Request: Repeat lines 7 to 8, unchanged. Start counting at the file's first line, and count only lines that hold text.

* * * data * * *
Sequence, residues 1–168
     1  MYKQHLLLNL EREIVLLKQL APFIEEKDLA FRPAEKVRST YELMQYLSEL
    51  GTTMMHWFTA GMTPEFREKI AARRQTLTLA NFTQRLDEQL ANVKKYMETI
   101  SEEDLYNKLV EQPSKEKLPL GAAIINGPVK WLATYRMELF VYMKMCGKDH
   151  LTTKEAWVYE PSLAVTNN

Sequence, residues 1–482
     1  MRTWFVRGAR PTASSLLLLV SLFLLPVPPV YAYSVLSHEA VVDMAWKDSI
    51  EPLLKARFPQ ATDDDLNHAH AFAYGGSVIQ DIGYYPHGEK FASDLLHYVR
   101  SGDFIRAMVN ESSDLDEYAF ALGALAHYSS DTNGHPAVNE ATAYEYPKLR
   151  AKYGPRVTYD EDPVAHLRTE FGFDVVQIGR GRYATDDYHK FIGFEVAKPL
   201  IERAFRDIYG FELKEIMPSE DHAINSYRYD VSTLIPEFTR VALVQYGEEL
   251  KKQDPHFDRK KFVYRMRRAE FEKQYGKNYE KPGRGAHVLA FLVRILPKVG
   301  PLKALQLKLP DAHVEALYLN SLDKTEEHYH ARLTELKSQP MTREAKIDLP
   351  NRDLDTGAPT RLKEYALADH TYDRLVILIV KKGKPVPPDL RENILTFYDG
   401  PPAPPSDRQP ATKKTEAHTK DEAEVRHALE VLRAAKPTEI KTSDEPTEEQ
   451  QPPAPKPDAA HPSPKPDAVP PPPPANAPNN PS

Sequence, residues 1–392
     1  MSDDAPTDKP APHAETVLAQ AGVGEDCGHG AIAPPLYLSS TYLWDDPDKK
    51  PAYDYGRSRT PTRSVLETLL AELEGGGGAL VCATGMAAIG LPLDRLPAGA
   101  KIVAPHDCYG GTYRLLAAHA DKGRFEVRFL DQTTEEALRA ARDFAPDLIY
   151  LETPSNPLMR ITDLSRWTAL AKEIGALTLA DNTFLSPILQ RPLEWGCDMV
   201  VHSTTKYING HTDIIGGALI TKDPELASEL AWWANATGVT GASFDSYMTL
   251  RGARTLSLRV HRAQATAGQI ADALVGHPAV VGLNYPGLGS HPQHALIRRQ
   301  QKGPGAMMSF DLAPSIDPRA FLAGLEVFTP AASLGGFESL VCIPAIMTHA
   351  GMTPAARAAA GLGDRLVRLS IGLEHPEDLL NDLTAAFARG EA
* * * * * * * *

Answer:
     1  MRTWFVRGAR PTASSLLLLV SLFLLPVPPV YAYSVLSHEA VVDMAWKDSI
    51  EPLLKARFPQ ATDDDLNHAH AFAYGGSVIQ DIGYYPHGEK FASDLLHYVR